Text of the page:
(It appears that the camp commandant had gone away on vacation, and Dr. Mengele yemach shemo took charge until his return. With permission from Berlin, he sent 3,000 boys in my father’s age group to the gas chambers: 1,000 on Rosh Hashanah, 1,000 on Yom Kippur and the last 1,000 on Shemini Atzeres. On Shemini Atzeres, when the commandant returned, he got into a power struggle with Mengele, and asserted that it was his job to gas Jews. When he took back his command, as a display of his authority, he had the gas chambers unlocked and chose 52 boys to leave alive. This was the last day the gas chambers were operational in Auschwitz. The next day, the Nazis began to dismantle them and cover up their crimes as the Soviets were rapidly approaching from the East.)

When the American soldiers pulled up to Gunskirchen, the stench was unbearable. Still, they called the rest of the division to help

In January 1945, the Nazis forced some 56,000 prisoners out of Auschwitz on a death march deeper into German-held territory. My father was in a group that had to walk over 300 miles (500 km) to the Mauthausen camp in Austria. Mauthausen had a notorious “staircase of death” leading to a quarry where prisoners were made to work.

My father was not held there for long; soon he was cleared out again, marched to a satellite camp called Gunskirchen, a place where people simply languished until they starved to death. My 15-year-old father watched men walking around, falling and expiring on the spot. He said most of the guards were older German men, 50- to 60-year-old sadists.

By the spring, the US Army had reached this part of Austria. The Nazis were not waiting to greet them. The guards of Gunskirchen had picked themselves up and fled to Germany, not bothering to tell the prisoners they were free. When the four 71st Infantry Division soldiers stumbled upon the barbed-wire fencing on May 6, my father had just left. Two months away from his 16th birthday at the time, he had realized that they were left unguarded and walked out of the camp in a desperate search for food. Not long afterward, he too was given some canned meat, and ended up so sick he was hospitalized for six months.

I needed to speak to the soldier who had liberated Gunskirchen, who had seen the specific hell my father had endured. After Shabbos, Ari Scharf gave me Mr. Moskin’s number. I got in touch by phone, telling him that my father was liberated from Gunskirchen on that day.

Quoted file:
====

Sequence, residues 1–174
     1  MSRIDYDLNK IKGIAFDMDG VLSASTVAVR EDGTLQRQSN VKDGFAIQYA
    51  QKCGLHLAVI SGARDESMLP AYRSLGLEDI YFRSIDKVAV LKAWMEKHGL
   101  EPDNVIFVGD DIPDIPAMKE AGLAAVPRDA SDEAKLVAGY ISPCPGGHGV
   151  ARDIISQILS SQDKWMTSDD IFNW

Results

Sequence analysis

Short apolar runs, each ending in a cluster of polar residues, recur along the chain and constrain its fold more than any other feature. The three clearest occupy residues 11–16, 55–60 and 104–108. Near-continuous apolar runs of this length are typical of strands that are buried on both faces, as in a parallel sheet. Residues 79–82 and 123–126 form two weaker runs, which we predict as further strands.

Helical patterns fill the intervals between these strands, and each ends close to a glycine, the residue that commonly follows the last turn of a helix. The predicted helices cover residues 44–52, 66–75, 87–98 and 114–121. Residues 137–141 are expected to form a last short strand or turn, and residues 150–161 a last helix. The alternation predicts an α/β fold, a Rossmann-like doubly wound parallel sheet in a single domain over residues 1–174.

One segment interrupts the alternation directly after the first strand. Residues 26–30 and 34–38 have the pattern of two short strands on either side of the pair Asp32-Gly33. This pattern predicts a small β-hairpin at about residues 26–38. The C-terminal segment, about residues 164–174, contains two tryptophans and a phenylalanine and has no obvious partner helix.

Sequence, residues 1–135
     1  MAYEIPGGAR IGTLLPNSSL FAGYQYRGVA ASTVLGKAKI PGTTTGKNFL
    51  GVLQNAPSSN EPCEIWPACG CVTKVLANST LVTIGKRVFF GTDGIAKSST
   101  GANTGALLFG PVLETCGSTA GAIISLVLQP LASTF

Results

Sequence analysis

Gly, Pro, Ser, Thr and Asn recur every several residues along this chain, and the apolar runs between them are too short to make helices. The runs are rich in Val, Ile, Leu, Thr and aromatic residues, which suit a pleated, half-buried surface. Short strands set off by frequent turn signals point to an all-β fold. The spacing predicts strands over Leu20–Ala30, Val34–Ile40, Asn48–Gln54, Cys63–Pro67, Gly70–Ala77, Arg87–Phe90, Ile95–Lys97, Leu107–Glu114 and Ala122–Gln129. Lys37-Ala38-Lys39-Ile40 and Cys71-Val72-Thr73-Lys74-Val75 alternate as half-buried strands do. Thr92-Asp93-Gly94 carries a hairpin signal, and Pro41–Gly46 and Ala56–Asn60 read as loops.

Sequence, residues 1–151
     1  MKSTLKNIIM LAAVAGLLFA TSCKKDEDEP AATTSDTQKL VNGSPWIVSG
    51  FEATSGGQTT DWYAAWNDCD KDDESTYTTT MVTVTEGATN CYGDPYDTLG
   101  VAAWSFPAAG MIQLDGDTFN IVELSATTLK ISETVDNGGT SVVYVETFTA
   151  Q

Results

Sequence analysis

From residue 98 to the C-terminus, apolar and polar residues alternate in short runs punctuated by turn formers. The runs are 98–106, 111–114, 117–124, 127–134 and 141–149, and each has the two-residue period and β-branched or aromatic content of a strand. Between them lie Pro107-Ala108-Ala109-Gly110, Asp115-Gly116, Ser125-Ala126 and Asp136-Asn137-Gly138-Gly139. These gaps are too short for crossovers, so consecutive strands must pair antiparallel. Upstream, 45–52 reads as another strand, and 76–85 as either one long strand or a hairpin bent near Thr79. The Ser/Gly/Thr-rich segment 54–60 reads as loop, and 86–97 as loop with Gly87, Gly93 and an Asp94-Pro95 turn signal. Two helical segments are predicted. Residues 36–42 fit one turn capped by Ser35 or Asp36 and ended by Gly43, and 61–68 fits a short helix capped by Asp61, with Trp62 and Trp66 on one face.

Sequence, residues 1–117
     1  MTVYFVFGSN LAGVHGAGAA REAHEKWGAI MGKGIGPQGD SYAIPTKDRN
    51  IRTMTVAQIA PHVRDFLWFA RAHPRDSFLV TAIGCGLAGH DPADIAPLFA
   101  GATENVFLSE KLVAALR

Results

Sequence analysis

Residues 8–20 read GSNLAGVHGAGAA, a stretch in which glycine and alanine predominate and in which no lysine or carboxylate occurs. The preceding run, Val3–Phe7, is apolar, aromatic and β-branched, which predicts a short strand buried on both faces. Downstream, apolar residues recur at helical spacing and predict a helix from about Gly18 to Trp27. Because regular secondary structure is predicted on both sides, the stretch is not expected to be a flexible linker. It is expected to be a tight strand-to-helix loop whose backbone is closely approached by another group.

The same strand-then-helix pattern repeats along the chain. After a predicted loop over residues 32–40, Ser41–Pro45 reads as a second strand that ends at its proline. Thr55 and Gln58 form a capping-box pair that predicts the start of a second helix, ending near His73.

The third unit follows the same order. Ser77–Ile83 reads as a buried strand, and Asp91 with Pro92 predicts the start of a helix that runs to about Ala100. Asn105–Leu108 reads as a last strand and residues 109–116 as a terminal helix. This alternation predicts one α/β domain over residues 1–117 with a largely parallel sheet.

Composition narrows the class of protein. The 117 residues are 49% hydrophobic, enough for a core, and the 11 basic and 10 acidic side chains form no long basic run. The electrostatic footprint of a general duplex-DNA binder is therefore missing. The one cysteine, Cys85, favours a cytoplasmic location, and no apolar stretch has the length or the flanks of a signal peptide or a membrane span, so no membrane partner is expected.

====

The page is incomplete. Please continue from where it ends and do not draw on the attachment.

“I was 18 on May 6, 1945,” he told me. “I had just joined up and was sent to Europe.”

His stories started to pour out. He had advanced through a ravaged continent, part of the forces pushing the Nazis back until their eventual surrender on May 8, but among all the sites of suffering he’d seen, he still remembered Gunskirchen clearly.

We spoke on the phone a couple times that summer, but our arrangements to meet up did not work out. The following Pesach, my daughter became engaged. I picked up the phone to Alan Moskin again.

“My daughter is getting married in July,” I told him, “and I want you to come to the wedding and sit at the family table as a special guest of our family.”

Mr. Moskin was thrilled to attend my daughter’s wedding and see the generations of those he helped liberate. (I’m on the right, and my brother Lable is on the left)

Alan agreed to come, and on the big day, my friend’s son drove to Nanuet and brought the elderly guest to Yeshiva of Spring Valley’s wedding hall in Monsey. He was dressed in a suit and tie, with his army medals on his suit jacket, and his army beret. My brother and I were waiting there for him and greeted him with hugs.

At the kabbalas panim, we seated Alan at the head table. All the rabbanim present thanked him for his role in the liberation and offered him their blessings. At the dinner, we had a little dance with him at the table, and my brother and I made time to chat with him. I had thought that at his advanced age, he might have wanted to leave after not too long, but Alan stayed for pretty much the entire wedding. I don’t think he had been at a religious wedding before. He loved it, and only asked to leave at 10:30. He was very moved to see the family that my father had established.

My father was not there; he had passed away in 2017. But 77 years after that young recruit helped those barely living survivors, I wanted him to see the fruits of what he had done — to enjoy the children, grandchildren, and future generations of a Gunskirchen survivor.


(Originally featured in Mishpacha, Issue 939)